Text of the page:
Medieval legends claim that Pope Joan was the first and only female pope. And now, an analysis of ancient silver coins suggests that the ordained woman may have actually lived.
According to legends from the Middle Ages, a pope named John, or Johannes Anglicus, who reigned during the middle of the ninth century, was actually a woman, Pope Joan. For instance, a story from the 13th century written by a Dominican monk from Poland named Martin claimed that Pope Joan became pregnant and gave birth during a church procession. [History's 10 Most Intriguing Popes]
However, there is much debate over whether a pope named Johannes Anglicus existed, much less whether this pope was a man or woman. The doubt stems in part from the great deal of confusion over the identities of popes during the middle of the ninth century. For example, in the oldest surviving copy of the "Liber Pontificalis," the official book of biographies of popes during the early Middle Ages, "Pope Benedict III is missing entirely,"study author Michael Habicht, an archaeologist at Flinders University in Adelaide, Australia, told Live Science.
Discovering whether Pope Joan existed may not only solve a religious and historical mystery, but also factor in to modern arguments over the role of women in the church. "The debate on female ordination in the church is still ongoing," Habicht said.
Now, Habicht has suggested that symbols on medieval coins show that Pope Johannes Anglicus may have existed, and so, Pope Joan may have been real as well. "The coins really turned the tables in favor of a covered-up but true story," Habicht said.
The research began when Habicht was conducting unrelated work investigating burials of popes in Rome. "In the beginning, I also believed that the story of Joan was mere fiction, but when I did more-extensive research, more and more, the possibility emerged that there was more behind the story," he said.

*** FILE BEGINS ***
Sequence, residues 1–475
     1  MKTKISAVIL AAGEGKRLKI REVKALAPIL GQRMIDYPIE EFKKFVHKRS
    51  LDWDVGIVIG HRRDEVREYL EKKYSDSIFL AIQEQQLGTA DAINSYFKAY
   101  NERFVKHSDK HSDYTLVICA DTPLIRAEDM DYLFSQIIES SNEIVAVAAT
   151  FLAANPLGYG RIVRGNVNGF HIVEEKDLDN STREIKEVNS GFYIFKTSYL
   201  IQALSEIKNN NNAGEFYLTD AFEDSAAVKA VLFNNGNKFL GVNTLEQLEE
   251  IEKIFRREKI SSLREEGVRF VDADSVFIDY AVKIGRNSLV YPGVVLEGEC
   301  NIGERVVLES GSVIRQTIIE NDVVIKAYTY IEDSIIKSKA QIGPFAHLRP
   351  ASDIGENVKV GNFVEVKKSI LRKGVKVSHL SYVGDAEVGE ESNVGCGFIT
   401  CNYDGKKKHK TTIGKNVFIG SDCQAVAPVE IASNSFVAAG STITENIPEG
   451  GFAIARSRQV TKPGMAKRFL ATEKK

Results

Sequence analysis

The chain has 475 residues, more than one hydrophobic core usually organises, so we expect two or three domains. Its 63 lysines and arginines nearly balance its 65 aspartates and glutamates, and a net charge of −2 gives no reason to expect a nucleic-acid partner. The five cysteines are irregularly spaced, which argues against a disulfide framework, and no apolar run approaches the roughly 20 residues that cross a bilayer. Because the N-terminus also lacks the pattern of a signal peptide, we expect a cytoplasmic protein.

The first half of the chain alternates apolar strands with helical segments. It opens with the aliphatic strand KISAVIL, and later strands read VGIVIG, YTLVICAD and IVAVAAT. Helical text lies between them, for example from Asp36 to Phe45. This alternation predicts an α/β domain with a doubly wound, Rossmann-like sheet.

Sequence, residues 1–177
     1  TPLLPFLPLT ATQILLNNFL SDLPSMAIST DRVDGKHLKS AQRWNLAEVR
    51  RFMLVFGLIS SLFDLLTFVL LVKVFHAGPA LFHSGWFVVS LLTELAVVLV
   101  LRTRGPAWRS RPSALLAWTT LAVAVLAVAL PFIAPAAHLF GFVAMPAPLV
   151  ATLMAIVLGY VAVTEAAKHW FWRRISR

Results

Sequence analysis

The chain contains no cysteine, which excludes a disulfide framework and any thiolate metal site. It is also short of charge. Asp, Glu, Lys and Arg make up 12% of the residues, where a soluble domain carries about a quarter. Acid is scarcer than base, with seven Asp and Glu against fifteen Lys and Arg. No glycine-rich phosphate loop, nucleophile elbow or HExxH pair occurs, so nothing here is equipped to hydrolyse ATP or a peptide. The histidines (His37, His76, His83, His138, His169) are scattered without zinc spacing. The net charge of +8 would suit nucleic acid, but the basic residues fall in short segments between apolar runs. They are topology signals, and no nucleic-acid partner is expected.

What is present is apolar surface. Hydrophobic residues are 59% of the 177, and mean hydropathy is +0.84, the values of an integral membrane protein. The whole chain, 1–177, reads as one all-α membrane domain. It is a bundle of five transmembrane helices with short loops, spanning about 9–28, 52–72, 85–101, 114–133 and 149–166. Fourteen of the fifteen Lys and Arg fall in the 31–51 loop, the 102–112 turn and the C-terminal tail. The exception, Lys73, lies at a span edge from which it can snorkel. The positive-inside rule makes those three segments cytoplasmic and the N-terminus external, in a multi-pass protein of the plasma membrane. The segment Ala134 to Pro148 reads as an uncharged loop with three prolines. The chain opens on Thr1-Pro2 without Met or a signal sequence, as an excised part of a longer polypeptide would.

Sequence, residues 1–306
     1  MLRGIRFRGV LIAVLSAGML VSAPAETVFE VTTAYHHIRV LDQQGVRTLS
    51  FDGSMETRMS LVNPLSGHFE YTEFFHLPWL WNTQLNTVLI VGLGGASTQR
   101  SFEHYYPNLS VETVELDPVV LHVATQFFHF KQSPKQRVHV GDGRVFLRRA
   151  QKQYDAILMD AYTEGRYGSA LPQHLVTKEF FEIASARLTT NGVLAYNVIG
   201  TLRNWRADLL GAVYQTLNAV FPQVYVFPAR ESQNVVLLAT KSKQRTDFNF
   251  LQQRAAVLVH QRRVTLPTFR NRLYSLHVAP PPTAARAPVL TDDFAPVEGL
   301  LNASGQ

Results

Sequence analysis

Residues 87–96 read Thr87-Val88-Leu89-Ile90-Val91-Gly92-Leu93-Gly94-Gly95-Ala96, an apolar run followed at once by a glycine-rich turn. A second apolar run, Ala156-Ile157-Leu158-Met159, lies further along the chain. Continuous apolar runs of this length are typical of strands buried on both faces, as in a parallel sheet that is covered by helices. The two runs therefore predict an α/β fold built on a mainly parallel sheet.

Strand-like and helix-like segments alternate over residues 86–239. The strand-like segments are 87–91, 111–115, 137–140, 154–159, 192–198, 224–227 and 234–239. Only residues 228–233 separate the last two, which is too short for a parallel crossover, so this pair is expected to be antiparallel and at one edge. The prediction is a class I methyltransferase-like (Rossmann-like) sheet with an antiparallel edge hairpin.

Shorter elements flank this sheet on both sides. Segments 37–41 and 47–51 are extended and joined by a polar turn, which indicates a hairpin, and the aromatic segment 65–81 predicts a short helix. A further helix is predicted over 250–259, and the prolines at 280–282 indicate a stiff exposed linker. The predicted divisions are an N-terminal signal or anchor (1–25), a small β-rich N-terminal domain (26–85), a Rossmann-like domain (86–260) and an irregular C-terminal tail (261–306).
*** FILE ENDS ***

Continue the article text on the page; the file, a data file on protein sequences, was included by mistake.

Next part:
Habicht analyzed silver coins known as deniers that were used in Western Europe during the Middle Ages. Their name comes from the ancient Roman silver coin known as the denarius. "They are quite small, perhaps the size of a U.S. dime or quarter," he said.
The deniers Habicht examined were minted with the name of the emperor of the Franks on one side and the pope's monogram — a symbol made using a person's initials — on the other side. Habicht focused on coins previously attributed to Pope John VIII, who reigned from 872 to 882.
The archaeologist said that while some deniers possessed a monogram belonging to Pope John VIII, earlier ones had a significantly different monogram. "The monogram that can be attributed to the later John VIII has distinct differences in the placing of letters and the overall design," Habicht said.
These other coins may have belonged to a different Pope John — Johannes Anglicus, the potential Pope Joan, Habicht said. He noted several historical sources that suggested a Pope John reigned from 856 to 858. For example, the chronicler Conrad Botho reported that a Pope Johannes crowned Louis II of Italy as Holy Roman Emperor in 856, Habicht said.
"The monogram was the forerunner of today's signature," Habicht said. "Thus, we probably might even have a kind of signature of Pope Joan."
Habicht suggested that the sequence of popes in the middle of the ninth century should include Leo IV from about 846 to 853, followed by Benedict III from 853 to 855, Johannes Anglicus from 856 to 858 and Nicholas I from 858 to 867.
Previous scientific literature suggested that these coins are not fakes, Habicht said. In addition, "there is almost no collector market for such medieval coins," Habicht said. As such, "forgers are not really interested in faking them. Some years ago, some papal coins of the ninth century A.D. were offered at an auction sale in New York. Most of the coins were unsold and returned to the owner."
All in all, "some will embrace my study and find other evidence for female priests in the early centuries of Christianity," Habicht said. "Others will entirely reject the idea and make a big media noise against such claims. A big mud-pie battle may follow. It might go on forever."
Habicht detailed his findings in a book, "Pope Joan," via epubli Aug. 28.
Original article on Live Science.
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